The full moon bounces over the mirror of Lake Travis, near Austin Texas. The view I have while writing this is probably my favorite one, on the planet. And I have been places. But things are not all right. Lake Travis is an impressive body of water, spanning a length of 102.6 kilometers and a maximum width of 7.2 kilometers. It boasts 436 miles of shoreline and covers 7,665 hectares: it nurses a potential storage capacity of 970,946,976 liters of water.
Drought and sprinklers
However, drought conditions are affecting Central Texas, water levels at the lake are close to 10 meters lower than average, leaving the lake is 46% full. Green lanes are drying out, dirt bikes are exploring dried out riverbeds. Still, a big part of the average Texans still have not made the link with global warming, they are too busy driving their gargantuan trucks (with federate stickers and “Trump won” stickers” to the shooting range, or setting up programs to enforce their anti-women’s rights policies. The sprinklers on the golf courts blast like there is no tomorrow. Part of this state catapulted mentally a century backwards.
Luckily, the annual SXSW Conference in Austin is a refreshing antidote for the rightwing political Texan scene. One of the biggest innovation gatherings on the planet starts today in downtown Austin. The lineup is impressive: It promises to be an exciting and vibrant gathering of industry leaders, technologists, robots, contrarian thinkers, eth(n)ical fighters, human right organizations, students, bankers, artists, activists, techno dreamers, digital anthropologists, CEOs, influencers, investors, crypto bro’s, celebrities, creatives and flat out bizaroids from various fields and all continents. I even spotted a Shaolin Monk. And, there is William Shatner, captain James T. Kirk of the starship Enterprise himself. What more can you dream off?
The conference, which is an unparalleled melting pot for attendees to connect and learn, features no less than 25 tracks of programming, covering topics ranging from technology, ethics, design, digital marketing, transportation, and beyond.
At the heart of the SXSW Conference are the eight Interactive Tracks, which bring together experts and cutting-edge companies working in future-focused technology. These tracks include the 2050 track, which focuses on long-range, big-picture thinking and explores future-focused tech and next-gen advancements. The Advertising & Brand Experience track examines strategies for engaging audiences through traditional, digital, and experiential marketing practices. Meanwhile, the Design track highlights how top designers, developers, artists, and creatives build our physical, digital, and virtual worlds with purposeful intent.
The Energy track explores problems and solutions related to energy production and delivery, while the Health & MedTech track addresses how technological and social changes impact the healthcare industry. The Markets & Economies track examines changes in our systems of commerce resulting from various disruptions in our current world, while the Tech Industry track focuses on the people, platforms, software, hardware, and virtual systems driving the world’s next wave of change. Finally, the Transportation track explores technological advances that are transforming the way we get from here to there.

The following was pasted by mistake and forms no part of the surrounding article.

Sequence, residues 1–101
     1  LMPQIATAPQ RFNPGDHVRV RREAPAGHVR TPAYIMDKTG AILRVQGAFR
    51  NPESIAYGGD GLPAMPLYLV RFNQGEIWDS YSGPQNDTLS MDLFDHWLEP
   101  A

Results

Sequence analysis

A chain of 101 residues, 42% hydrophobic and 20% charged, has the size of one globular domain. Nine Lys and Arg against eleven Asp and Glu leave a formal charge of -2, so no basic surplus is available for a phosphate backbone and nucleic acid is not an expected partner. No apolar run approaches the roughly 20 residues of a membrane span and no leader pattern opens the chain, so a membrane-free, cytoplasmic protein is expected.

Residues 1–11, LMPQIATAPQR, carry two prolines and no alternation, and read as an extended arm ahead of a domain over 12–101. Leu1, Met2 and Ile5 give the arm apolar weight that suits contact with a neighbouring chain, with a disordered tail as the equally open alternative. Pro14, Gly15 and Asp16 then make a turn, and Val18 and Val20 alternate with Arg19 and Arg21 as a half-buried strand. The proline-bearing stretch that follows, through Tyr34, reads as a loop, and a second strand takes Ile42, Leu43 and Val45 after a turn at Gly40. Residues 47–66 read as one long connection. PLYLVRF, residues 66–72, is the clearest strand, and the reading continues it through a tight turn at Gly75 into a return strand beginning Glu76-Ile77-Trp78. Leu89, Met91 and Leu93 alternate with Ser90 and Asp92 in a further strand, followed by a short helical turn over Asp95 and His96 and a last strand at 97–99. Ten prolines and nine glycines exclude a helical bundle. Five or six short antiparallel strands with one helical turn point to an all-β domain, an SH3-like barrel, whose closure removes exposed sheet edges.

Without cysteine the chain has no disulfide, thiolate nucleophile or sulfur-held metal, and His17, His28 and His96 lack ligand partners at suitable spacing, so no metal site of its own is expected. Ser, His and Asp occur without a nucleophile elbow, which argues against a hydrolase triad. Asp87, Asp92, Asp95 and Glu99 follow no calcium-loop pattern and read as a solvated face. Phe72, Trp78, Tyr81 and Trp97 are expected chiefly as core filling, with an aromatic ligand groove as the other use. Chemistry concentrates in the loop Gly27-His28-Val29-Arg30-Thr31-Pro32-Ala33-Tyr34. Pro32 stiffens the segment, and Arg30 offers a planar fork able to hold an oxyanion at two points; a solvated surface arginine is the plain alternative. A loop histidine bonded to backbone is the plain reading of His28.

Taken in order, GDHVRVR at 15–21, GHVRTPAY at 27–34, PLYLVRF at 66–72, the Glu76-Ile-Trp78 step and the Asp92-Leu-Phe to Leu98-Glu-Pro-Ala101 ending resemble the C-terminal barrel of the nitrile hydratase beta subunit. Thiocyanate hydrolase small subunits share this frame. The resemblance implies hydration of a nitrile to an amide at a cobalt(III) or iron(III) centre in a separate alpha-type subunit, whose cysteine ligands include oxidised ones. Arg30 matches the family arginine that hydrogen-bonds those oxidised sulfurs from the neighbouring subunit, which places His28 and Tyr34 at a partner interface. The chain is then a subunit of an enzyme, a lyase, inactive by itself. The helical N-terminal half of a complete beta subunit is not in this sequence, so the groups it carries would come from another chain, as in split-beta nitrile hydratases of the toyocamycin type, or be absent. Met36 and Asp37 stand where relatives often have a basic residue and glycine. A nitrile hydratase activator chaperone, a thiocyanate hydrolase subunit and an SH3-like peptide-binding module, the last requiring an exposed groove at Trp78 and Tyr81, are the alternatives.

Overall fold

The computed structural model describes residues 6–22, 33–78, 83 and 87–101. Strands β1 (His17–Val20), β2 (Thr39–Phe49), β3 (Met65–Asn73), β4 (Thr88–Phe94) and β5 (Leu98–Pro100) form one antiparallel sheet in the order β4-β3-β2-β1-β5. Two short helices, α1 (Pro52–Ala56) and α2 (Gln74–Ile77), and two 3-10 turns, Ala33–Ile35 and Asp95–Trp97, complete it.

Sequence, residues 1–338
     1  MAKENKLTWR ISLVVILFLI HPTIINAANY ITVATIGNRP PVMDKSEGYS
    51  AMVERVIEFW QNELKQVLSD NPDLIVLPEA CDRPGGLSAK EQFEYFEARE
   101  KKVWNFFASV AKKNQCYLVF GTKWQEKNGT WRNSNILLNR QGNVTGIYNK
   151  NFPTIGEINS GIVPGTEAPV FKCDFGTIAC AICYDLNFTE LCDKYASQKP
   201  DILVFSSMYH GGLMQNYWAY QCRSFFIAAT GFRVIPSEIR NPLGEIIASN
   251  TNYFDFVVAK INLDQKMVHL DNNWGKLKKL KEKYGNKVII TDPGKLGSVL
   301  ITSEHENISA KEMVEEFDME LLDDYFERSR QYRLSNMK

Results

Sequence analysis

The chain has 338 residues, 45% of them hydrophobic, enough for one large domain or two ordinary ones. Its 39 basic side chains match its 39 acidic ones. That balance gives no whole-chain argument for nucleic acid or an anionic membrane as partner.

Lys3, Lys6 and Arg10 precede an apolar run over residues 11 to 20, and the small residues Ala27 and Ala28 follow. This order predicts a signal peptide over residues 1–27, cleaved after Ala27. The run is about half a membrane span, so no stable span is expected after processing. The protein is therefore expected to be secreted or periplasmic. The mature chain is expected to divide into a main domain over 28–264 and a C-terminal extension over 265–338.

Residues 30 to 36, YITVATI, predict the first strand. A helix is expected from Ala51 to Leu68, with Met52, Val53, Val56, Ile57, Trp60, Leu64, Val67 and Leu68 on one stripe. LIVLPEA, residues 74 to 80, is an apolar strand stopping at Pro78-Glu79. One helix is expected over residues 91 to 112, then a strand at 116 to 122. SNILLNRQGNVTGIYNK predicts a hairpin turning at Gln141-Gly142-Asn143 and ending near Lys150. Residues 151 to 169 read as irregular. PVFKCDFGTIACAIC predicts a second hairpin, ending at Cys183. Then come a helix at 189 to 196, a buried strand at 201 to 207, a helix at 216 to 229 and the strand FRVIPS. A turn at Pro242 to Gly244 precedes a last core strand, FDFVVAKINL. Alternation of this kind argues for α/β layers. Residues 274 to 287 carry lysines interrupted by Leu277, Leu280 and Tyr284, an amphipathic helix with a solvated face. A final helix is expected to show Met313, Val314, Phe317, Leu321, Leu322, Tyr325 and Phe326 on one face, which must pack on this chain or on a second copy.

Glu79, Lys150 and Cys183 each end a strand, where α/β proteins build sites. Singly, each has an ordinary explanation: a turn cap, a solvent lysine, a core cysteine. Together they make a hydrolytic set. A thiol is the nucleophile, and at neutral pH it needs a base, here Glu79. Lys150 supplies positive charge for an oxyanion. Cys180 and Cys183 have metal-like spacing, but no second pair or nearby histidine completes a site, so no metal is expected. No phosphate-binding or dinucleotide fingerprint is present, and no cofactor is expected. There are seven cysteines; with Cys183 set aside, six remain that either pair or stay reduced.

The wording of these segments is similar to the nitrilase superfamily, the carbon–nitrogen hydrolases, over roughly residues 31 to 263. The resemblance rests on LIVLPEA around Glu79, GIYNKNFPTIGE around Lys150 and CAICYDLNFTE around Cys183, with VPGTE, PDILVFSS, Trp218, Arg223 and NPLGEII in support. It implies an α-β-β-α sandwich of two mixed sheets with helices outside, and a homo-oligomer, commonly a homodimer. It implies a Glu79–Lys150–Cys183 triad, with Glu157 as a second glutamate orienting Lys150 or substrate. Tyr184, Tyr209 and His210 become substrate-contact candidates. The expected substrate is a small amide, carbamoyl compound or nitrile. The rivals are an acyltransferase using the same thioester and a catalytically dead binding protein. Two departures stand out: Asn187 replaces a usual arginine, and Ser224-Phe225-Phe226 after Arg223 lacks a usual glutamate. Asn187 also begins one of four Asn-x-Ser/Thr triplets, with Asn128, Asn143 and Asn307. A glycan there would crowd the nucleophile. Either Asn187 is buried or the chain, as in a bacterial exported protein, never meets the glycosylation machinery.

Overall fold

Chief Programming Officer, Hugh Forrest, said, “Our group of Featured Speakers marks a significant first step towards a phenomenal SXSW 2023, representing the full spectrum of the creative industries that converge in Austin.”
The SXSW Conference is indeed unveiling a plethora of impressive speakers this year, including a star-studded lineup of industry leaders, artists, and celebrities such as musician Nick Jonas, actor Tommy Dorfman, writer Cheryl Strayed, entrepreneur Alexis Ohanian, Martin Luther King III, filmmaker Damon Lindelof, and actor and producer Eva Longoria. The lineup also features rapper Blxst, drag performer Gottmik, tech entrepreneur Austin Russell, Allyson Felix, a former Olympic track and field athlete, Douglas Rushkoff, a media theorist, Cecile Richards, a lifelong activist and advocate and the flat-out fantastic futurist Amy Webb.
On top of the latest advancements in quantum technology, the impact of technology in the workspace and the workplace, discovering innovative transportation solutions, the future of work, the impact of tech on climate and nature, and on the re-inventing of our social fabric, I look forward to the sessions on how AI stormed from “maybe one day” to “top of the bill” in a couple of months. The first interviews I had here in Austin on that topic promise that it is only the very beginning, and that the likely outcome on our society will pulverize the impact of even electricity.
That is a big statement. As I enjoy a piece of delicious brisket, I wonder: will AI solve the problems we created? Or did we just invented another problem?
Looking at Lake Travis, I think I know the answer. If humans were to find the solution, we would have acted by now…